The Downtown Scene & the Sound of Mutant Disco

When dance-floor grooves collided with post-punk NYC spirit…

Image: Kid Creole performs in the U.K. in 1982. Credit: David Corio/Redferns.

In the first issue of Punk magazine, which became the house newsletter at the New York club CBGB, John Holmstrom wrote an editorial that proclaimed, “DEATH TO DISCO SHIT!” Dance music, he sniffed, was “the epitome of all that’s wrong with Western civilization.”

Downtown rockers in 1976 thought boogie oogie oogie was vapid, frivolous and thoroughly incompatible with punk. But soon after, two worldly New York hipsters, Michael Zilkha and Michel Esteban, had a perverse idea: What if, rather than sneering at the elitist escapades at Studio 54, we assaulted disco and dragged it down into the filth of the Lower East Side? Zilkha, who was heir to a fortune, thanks to his aristocratic family’s retail empire back in England, and Esteban, a Paris boutique owner who moved to New York to study graphic design, founded ZE Records in 1978. The label benefited from their social connections and conceptual smarts, starting with the satirical “Disco Clone,” sung by Zilkha’s Harvard-educated girlfriend (and, later, wife) Cristina, who called it “the worst song I have ever heard.”

The ZE trademark sound was a rhythm track full of disco elements — open hi-hat and quarter-note hits on the bass drum — disrupted by amateurish singing, distorted guitar or both. After the debut single by Cristina (who was born Cristina Monet-Palaci and died on March 31, 2020, after testing positive for the coronavirus), ZE released eclectic records that crossed racial divides, mixed genres and set dilettantes on an equal plane with professionals. Zilkha and Esteban did everything with disobedient glee; they even occasionally had some hit records.

By 1981, ZE had earned a compilation album called Mutant Disco: A Subtle Discolation of the Norm, which cemented Mutant Disco as the genre’s name. ZE wasn’t the only Mutant Disco label — 99 Records and Celluloid Records both released great music — and it lasted only until 1984. Zilkha later went to Texas and, with his father, started an energy company they sold in the late ’90s for a little over $1 billion. But ZE’s influence hung in the air, and 20 years later it spawned bands like the Rapture and LCD Soundsystem, who took the propulsive beat of disco and roughed it up.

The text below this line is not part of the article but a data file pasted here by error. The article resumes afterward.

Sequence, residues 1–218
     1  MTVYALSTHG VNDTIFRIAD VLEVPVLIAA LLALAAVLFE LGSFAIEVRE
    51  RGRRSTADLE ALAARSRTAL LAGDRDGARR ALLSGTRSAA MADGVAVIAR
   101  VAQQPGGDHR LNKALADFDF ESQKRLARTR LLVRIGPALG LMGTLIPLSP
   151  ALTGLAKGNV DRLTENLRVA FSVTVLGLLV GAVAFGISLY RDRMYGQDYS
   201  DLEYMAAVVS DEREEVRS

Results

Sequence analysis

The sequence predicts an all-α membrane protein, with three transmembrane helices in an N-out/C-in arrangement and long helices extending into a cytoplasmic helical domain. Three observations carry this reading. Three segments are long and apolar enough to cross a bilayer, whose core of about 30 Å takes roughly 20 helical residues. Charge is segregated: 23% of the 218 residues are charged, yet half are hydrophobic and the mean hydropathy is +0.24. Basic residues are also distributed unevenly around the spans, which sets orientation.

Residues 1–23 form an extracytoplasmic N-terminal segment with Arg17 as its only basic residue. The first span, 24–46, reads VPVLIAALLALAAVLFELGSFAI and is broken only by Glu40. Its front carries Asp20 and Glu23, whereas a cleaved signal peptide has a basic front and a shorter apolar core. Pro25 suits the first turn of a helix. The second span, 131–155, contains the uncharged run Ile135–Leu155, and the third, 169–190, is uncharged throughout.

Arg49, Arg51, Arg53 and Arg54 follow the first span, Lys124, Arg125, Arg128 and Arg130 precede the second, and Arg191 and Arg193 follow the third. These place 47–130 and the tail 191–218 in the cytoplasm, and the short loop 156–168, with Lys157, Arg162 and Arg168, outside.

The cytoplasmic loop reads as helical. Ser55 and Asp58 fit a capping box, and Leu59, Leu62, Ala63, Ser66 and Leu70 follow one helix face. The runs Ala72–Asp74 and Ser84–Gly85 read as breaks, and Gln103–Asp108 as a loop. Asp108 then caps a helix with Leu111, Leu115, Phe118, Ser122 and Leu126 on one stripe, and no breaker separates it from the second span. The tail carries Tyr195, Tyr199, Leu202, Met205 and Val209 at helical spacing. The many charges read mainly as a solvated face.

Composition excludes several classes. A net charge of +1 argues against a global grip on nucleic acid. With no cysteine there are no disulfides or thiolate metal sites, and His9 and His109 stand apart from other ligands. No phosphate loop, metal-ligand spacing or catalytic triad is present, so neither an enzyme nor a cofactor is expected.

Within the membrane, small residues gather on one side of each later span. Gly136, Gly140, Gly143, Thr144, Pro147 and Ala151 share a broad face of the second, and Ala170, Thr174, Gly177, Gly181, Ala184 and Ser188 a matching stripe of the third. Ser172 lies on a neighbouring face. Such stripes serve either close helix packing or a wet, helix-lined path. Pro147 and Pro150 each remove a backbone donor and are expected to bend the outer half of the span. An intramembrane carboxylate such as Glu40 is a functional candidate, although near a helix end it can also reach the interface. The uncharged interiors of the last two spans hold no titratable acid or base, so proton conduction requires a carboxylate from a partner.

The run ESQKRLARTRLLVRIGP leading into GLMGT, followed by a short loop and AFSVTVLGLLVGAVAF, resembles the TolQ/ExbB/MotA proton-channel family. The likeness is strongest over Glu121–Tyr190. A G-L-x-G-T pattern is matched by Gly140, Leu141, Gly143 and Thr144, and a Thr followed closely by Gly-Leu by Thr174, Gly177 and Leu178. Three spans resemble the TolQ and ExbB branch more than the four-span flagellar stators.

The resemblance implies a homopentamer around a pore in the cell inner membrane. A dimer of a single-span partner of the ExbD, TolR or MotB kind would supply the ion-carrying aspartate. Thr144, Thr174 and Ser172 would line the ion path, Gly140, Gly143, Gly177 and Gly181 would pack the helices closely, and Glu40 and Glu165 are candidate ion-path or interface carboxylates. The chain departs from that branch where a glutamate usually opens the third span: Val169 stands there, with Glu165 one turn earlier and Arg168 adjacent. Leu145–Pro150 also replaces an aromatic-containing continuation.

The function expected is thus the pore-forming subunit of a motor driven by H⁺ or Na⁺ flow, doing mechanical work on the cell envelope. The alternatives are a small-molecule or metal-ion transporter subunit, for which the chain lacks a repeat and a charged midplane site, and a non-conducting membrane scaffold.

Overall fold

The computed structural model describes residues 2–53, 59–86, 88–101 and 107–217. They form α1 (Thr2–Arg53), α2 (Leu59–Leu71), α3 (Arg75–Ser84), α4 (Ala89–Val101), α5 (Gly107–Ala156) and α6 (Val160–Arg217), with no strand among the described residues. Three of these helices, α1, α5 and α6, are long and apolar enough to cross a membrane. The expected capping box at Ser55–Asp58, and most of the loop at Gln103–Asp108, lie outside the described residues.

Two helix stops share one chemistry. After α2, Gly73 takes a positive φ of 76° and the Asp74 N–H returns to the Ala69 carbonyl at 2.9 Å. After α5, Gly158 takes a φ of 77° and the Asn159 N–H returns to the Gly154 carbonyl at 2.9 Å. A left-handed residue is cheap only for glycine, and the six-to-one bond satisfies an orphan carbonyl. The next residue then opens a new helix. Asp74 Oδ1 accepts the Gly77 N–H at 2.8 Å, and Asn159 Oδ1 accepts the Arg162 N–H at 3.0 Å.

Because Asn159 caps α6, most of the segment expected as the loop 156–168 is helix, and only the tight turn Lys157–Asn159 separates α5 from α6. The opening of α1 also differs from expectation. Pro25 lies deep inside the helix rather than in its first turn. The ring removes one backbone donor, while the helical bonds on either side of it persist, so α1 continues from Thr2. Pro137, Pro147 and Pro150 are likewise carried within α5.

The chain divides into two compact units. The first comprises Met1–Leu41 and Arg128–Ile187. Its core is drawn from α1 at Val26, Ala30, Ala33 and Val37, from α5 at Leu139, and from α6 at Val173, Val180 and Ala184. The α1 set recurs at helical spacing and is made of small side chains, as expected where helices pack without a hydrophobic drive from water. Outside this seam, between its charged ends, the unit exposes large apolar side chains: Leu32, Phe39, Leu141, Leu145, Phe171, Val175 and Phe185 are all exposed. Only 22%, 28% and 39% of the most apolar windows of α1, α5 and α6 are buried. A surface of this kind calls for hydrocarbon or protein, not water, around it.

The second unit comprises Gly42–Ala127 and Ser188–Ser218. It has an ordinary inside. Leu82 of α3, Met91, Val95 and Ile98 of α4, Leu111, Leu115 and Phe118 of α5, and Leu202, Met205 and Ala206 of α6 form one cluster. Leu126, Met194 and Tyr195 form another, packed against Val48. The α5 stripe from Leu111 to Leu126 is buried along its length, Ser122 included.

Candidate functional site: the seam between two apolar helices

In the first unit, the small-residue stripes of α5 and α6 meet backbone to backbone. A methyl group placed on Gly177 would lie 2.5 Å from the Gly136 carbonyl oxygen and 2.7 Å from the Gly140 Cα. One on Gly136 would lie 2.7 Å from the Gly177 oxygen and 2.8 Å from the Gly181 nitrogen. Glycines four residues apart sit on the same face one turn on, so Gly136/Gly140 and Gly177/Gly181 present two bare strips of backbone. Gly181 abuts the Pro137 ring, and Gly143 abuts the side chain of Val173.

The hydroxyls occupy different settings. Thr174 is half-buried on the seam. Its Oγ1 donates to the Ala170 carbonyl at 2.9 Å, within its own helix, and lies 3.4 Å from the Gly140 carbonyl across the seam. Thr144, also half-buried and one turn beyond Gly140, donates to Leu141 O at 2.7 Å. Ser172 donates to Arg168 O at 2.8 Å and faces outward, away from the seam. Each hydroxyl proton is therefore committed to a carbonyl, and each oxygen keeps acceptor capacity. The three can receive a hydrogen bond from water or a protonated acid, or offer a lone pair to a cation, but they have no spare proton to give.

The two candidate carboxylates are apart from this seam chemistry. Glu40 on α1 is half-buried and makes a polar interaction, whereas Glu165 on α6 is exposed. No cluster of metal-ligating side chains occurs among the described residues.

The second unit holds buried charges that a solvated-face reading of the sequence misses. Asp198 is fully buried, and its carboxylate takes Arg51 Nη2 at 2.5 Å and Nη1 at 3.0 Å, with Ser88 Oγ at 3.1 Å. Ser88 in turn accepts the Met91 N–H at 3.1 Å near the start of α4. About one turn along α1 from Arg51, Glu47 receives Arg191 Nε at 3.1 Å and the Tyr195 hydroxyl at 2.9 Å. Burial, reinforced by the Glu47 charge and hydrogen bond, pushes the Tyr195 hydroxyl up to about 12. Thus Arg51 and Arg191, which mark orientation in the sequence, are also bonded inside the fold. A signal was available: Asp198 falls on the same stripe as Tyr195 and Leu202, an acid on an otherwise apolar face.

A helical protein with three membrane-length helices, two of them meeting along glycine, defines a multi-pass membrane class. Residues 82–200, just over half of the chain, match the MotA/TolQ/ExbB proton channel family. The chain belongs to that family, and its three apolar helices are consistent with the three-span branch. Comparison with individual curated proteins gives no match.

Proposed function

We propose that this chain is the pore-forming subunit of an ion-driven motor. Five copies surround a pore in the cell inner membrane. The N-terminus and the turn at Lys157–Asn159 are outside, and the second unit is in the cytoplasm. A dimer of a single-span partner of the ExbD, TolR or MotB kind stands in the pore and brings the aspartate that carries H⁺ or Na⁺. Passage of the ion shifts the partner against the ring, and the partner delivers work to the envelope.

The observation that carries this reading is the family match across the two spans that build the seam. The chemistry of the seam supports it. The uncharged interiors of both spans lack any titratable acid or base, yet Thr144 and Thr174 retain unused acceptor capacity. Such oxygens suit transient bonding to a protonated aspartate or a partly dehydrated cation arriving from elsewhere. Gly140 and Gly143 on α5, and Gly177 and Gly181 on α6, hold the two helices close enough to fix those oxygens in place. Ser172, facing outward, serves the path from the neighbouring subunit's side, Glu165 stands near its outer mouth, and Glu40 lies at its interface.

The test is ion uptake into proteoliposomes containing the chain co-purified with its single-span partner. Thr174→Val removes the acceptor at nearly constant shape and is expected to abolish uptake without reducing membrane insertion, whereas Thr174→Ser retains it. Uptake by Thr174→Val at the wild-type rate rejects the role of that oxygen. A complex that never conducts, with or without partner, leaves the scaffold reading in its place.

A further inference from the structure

Was (Not Was)
Out Come the Freaks (1981)

This big, shifting assembly of punkers and funksters, founded in Detroit by brothers David and Don Was (they weren’t actually brothers, and neither was named Was), became the valedictorians of Mutant Disco. In 1987 they released the zany hit “Walk the Dinosaur,” which reached No. 7 on the Billboard Hot 100 chart in 1989. (Around that time Don Was produced Bonnie Raitt’s hugely successful Nick of Time album, and a few years later he became the Rolling Stones’ go-to producer.)

Their ZE debut, released in 1981 as Was (Not Was) and rereleased in an expanded edition in 2004 as Out Come the Freaks, gleefully combines tight horn charts, popping bass and droll, absurdist wisecracks, creating an intersection between Dada and Otis Redding. “Out Come the Freaks” describes a variety of unfortunate and lonely outcasts, and was embraced by downtowners as an anthem about themselves.

James Chance & the Contortions
Buy Contortions (1979)